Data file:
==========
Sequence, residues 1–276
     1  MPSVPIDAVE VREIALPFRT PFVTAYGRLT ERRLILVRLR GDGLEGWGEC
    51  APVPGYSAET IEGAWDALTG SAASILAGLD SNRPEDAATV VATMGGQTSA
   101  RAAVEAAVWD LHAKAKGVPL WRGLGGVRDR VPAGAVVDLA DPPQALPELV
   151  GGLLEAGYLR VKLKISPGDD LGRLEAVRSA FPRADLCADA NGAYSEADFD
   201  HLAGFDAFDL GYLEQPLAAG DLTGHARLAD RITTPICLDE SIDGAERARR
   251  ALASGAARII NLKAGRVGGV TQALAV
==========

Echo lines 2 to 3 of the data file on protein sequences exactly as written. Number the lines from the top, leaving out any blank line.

     1  MPSVPIDAVE VREIALPFRT PFVTAYGRLT ERRLILVRLR GDGLEGWGEC
    51  APVPGYSAET IEGAWDALTG SAASILAGLD SNRPEDAATV VATMGGQTSA